How can agric be made attractive to the youth?

Agricultural experts have called for new measures to engage the Rwandan youth in agriculture transformation to help meet national food demand considering that young people in the country have historically shunned the sector. 

According to Dr Charles Bucagu, the Deputy Director General in charge of Agricultural Research and Technology Transfer at Rwanda Agriculture Board, such a mindset has resulted in the sector being dominated by mostly elderly smallholder farmers – with an average age of 55.

Bucagu was speaking to Business Times on the sidelines of last week’s agricultural forum on the need to engage the youth in improved seed production. 

He said that Rwanda’s vision for agricultural transformation and development toward food security and attainment of per capita income of $1240 by year 2020 requires working with the youth as “the most energetic segment of the labour force”.

“Government and other partners should continually motivate and keep the youth in the driving seat in agriculture transformation. It is important to help the youth throughout the value chain. The youth also need to work with financial institutions to give tcreate more opportunities,” he noted. 

Quoting a United Nations Environmental Programme 2015 survey, Africa has the largest population of young people in the world, with 226 million people aged 15 to 24 years old in need of sustainable employment.  

“Each year, young people graduate from school seeking to enter the continent’s workforce, often with no success. The continent is facing a double employment crisis due to lack of jobs for the youth and an increase in the number of young people in need of work. Agriculture is the largest sector of employment where such youth have to exploit job opportunities and ensure food security,” he said.

Currently, agriculture contributes one third of the Rwanda’s total GDP while nearly 80 per cent of the population relies on the sector as the main economic activity.

“Considering that the agriculture sector  meets 90 per cent of the  national food needs and generates more than 70 per cent of the country’s export revenues, the youth should optimally be engaged and motivated in the whole value chain,” said Bucagu.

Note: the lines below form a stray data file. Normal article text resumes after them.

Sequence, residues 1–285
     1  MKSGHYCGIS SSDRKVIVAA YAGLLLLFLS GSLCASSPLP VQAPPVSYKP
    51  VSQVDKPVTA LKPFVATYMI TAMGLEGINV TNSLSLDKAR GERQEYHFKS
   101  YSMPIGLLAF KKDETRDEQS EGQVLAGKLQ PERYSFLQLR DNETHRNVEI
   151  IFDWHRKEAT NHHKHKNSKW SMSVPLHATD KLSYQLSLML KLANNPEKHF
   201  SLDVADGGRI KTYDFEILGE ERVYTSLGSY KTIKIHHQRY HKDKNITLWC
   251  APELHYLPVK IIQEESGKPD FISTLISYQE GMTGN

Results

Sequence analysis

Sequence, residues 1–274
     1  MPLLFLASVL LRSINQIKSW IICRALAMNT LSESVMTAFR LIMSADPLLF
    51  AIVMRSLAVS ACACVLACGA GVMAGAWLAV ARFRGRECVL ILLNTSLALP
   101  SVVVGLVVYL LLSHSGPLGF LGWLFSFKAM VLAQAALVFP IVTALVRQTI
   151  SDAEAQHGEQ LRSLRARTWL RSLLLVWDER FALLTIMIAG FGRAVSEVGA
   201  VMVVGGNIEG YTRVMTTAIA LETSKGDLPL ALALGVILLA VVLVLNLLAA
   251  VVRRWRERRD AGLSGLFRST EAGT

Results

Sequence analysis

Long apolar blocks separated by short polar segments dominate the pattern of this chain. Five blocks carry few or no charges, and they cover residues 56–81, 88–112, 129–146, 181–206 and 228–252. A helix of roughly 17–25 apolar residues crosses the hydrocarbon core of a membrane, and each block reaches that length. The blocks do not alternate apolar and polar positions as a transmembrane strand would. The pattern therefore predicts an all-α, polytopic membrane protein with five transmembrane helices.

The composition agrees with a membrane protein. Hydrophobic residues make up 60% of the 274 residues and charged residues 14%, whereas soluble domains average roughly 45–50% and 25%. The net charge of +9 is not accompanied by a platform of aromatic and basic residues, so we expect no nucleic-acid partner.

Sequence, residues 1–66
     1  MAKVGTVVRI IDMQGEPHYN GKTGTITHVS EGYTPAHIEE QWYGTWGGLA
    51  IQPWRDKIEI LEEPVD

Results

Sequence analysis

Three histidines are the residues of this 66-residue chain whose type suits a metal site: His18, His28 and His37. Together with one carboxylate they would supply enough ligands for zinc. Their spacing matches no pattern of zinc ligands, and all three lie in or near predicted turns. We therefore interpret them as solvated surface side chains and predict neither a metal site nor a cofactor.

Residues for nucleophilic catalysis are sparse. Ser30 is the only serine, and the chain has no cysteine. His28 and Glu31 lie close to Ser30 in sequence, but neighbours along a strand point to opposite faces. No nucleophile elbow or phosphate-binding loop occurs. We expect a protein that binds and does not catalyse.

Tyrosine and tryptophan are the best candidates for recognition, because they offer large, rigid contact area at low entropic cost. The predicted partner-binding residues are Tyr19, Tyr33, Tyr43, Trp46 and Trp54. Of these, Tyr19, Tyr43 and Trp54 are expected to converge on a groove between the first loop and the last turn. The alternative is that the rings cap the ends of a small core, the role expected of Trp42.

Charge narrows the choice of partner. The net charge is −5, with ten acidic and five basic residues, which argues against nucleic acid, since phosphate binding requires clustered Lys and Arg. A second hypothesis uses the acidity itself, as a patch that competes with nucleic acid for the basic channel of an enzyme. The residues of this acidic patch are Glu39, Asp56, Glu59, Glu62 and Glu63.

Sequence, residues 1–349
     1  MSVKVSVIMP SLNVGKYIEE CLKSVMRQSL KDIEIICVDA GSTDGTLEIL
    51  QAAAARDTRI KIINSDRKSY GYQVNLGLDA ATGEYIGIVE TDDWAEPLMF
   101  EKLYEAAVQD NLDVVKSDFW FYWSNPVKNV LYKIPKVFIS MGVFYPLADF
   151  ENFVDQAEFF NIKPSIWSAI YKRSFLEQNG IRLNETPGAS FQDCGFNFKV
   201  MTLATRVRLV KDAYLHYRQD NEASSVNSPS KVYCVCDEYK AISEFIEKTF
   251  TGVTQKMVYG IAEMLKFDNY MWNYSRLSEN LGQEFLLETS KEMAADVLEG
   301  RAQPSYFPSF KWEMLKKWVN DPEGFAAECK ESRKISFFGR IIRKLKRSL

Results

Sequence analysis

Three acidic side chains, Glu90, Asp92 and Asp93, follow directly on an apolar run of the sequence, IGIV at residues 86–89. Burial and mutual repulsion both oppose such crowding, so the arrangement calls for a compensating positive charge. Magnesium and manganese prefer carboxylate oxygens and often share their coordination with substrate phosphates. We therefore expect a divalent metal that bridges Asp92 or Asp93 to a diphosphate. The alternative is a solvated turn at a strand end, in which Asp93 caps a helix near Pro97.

Figures show that youth in Rwanda constitute about 4.1 million, about 35 per cent of the total population. In urban settings, the youth are estimated at 25 per cent compared to 75 per cent in rural areas where agriculture is mostly undertaken.

“Rwandan government is making tremendous progress by establishing a youth-led umbrella for youthful organisations and individuals engaged in agribusiness,” he noted. 

Census of youth in agribusiness in the offing

Jean Baptiste Hategekimana, the chairperson of Rwanda Youth in Agribusiness Forum (RYAF), told Business Times that in the coming months they will launch a census of all the youths in agribusiness across the country so as to establish support  platforms in each sector.

“We want the youth to be organised under platforms to ease their access to capacity building training and financing opportunities,” he said.  

He said the forum has 4,300 youths in agribusiness.

“Today 1720 (60 per cent) of the 4,300 youths registered in the forum grow fruits and vegetables, 1247 (29 per cent) are in agro-services such as seeds multiplication, extension services, agro-shops and others. 1075 young entrepreneurs in agri-business are in livestock keeping, 215 (5 per cent) are engaged in agro-processing while only 1 per cent (43 youths) are engaged in ICT for agricultural development,” Hategekimana said.

Youth in agri-business speak out

Mubarak Habimana, a youth in agri-business who is involved with seed multiplication and sweet potato farming on a two-hectare piece of land, told Business Times that he is already reaping fruits from agribusiness.   

“I also sell the crop leaves in DR Congo as vegetables. Sweet potatoes are harvested after only four months. I get around Rwf200, 000 from selling leaves of sweet potatoes grown on two acres of land and after two months leaves bud again,” he said.

He says he currently sells 64 tonnes of multiplied stems as seeds on two hectares, with one kilogramme costing Rwf125, amounting to about Rwf125, 000 a tonne. 

“I am also thinking of getting into processing... We have to serve as models for other youth by proving that agriculture sector has a lot of untapped business opportunities,” he added.

editorial@newtimes.co.rw

 

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